Antisemitism Thrives in Academia

Anti-Semitism has become a fixture of today’s college campuses—and not just because of Westboro Baptist Church’s national tour.

In late 2010, bricks were thrown through the window of the Chabad House at Indiana University, and a menorah at the University of Florida was uprooted and vandalized. These events appear to be part of a larger trend: The Anti-Defamation League has received reports of at least 260 anti-Semitic incidents on campuses over the past three years.

Stanford University has had its own incidents. In late 2009, a sukkah – a temporary hut constructed in celebration of the festival of Sukkot – in front of the Hillel building was vandalized with graffiti. Administrators and investigators were never able to ascertain whether the act was simply a random act of vandalism or a purposeful act of hate. Similar incidents have occurred regionally, on campuses such as San Jose State.

Rabbi Mychal Copeland, the Stanford Hillel rabbi, said that whatever the motivation, the event was still damaging.

“Whether or not it’s ever determined, at some level, it doesn’t matter because of [Jews’] history as tiny persecuted people over a long history,” Copeland said.

That long history continues – and particularly in the Golden State. Kenneth Marcus, former staff director of the U.S. Commission on Civil Rights, said that the resurgence in anti-Semitic activity had occurred “more in California than in any other state.”

Marcus attributed the increase to a number of factors, including the state’s left-leaning tendencies, larger Arab and Muslim population and campuses more tolerant of extremist ideologies.

Tammi Rossman-Benjamin, lecturer in Hebrew at UC Santa Cruz, pointed to political tendencies of university faculty members.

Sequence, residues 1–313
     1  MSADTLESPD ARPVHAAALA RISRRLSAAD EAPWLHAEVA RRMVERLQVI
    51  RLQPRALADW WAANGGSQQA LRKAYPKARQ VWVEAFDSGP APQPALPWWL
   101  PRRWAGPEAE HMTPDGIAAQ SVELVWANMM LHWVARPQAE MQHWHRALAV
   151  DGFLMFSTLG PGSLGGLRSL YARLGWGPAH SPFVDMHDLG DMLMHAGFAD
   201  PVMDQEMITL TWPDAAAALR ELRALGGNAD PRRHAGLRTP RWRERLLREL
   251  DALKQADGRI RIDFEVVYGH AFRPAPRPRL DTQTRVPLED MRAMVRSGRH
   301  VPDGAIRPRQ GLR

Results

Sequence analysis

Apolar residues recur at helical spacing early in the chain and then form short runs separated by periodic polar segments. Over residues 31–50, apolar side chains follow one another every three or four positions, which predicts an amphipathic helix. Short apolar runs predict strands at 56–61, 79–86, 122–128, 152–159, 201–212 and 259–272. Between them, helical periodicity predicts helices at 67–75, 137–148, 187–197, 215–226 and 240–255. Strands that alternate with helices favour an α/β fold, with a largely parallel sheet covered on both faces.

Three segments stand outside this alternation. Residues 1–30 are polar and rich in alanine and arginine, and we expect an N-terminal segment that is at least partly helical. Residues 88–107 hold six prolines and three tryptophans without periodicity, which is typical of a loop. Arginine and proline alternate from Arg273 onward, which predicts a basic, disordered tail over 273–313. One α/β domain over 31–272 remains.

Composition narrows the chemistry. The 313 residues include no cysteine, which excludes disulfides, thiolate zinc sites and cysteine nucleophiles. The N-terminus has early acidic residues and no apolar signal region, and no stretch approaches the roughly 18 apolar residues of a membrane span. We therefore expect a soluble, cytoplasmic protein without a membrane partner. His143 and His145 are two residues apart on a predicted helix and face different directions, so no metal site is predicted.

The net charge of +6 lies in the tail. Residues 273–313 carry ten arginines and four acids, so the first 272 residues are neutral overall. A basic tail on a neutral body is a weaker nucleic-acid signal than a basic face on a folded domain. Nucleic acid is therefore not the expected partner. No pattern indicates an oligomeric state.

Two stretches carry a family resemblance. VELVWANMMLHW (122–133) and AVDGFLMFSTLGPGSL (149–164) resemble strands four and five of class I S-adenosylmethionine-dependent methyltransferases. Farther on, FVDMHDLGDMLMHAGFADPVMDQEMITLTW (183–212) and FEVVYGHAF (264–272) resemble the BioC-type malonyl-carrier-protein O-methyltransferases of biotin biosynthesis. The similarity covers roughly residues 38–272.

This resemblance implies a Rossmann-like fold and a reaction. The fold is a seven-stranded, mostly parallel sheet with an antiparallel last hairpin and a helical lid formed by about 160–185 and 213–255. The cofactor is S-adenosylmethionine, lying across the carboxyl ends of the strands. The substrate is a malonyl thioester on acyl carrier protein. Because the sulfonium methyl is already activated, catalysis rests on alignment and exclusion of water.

“It’s anti-Zionist faculty who use their position as faculty members to promote a political agenda,” Rossman-Benjamin said. “I think that what happens in the classroom influences what happens in the campus square and gives it legitimacy.”

Rossman-Benjamin believes this variety of factors, at times, forms a “perfect storm” that produces an outpouring of anti-Semitism.

One example of this occurred at UC-Irvine in the early 2000s, where Jewish property was defaced with swastikas and Jewish students were physically assaulted.

Susan Tuchman, legal director of the Zionist Organization of America, described how at UC-Irvine “students reported that they’ve been afraid to wear a kippah or Star of David” and how many “students and faculty feared for their physical safety on the campus.”

While Irvine experienced traditional forms of anti-Semitism, experts note the recent rise in campus anti-Semitism has been characterized by a new form of anti-Semitic rhetoric, which blurs the line between anti-Israel political expression and outright anti-Semitism. Kenneth Marcus noted that this type of rhetoric has become increasingly common in the past decade.